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Kim Upstill Kim Upstill

Installation Text

It used to be, I am told in the car over the back seat craning, that only the King could hunt on Öland. To make sure the meat was his [the sport, the thrill of the chase] he required that the farmers and workers of Öland cut off one leg of each of their dogs. Their bodies limited their movements, made less surprising, useless for pursuit.


In order to pick flowers you gotta bend down, slice off what holds them to the dirt. You need to know a little about them sometimes their nutritional value, sometimes their beauty, sometimes if they are standing in your way. Are you dead yet? How many dogs legs are buried here? What are we growing against?


The stone walls of this property are surrounded by nettles and other weeds. Most gardens near us have exact borders for plants, low walls for fields. Here though there are clumps of growth. The neighbor walks briskly by on the gravel road to take a picture every day of the sunset. She is always wearing extremely clean pajamas. She is never making eye contact.



At night I am lying looking up at the roof, listening to the door opening and closing, opening and closing. It is the Vegan, letting out flies. In the day I slice off flowers heads, eat cheap sausages, tilt my head up towards the sun. Two limbs carrying me, two limbs putting things in jars for us.



We walk through the mud to dip bottles into the well. I lie on my stomach to see if I can put my head in without my hands (I can’t), we bike to an edge of the island and dunk a bottle in the sea, I place my body under fully, look up. I pick nettles with one glove right before we eat. At dinner we let people know they can wash their hands in any of these results.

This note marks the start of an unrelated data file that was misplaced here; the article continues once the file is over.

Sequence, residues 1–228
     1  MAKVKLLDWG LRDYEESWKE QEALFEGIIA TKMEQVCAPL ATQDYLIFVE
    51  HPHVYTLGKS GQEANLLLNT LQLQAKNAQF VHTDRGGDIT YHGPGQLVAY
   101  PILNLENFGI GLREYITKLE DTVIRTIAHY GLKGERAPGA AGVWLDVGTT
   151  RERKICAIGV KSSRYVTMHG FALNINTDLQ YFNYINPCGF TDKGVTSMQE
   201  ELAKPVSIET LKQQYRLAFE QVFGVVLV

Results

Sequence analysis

We walk into the royal gardens with a bag slung low, a camera ready, a dress, bright lips. We pay for our tickets. We are informed that we are allowed one vote each for our favorite pop-up garden. There are four competitors. They smile into the camera, they truck in fresh dirt and resettle full plants into newly royal earth. The lavender looks fake. The marigolds like pictures of marigolds.


I stand under an arch, look the opposite direction, plunge my hand into the knotted stems, find the softness of petals, clip them at the source with my long nails, smiling.


I take green matter from between rocks, under trees, on top of stems. Get lost in a rhubarb forest, bitten, listen to flies being attracted to fat. I am still under a tree, burning my hands, licking my knife, thinking about our lips, allowing for bitterness.


At dinner, there is a contraction around the bowl of nettles. To let your animal-hands walk into pain. It’s possible. It’s alluring. One man does not know he is about to get stung, is annoyed and hides his annoyance behind water.


At dinner we eat and listen to Swedish punk, arrange our own plates, feel our way through the jared foliage, results of flowers. Some of our hands sting, some of us are damp. Later we light a fire, drink, scatter the bowls, break some glass, keep moving.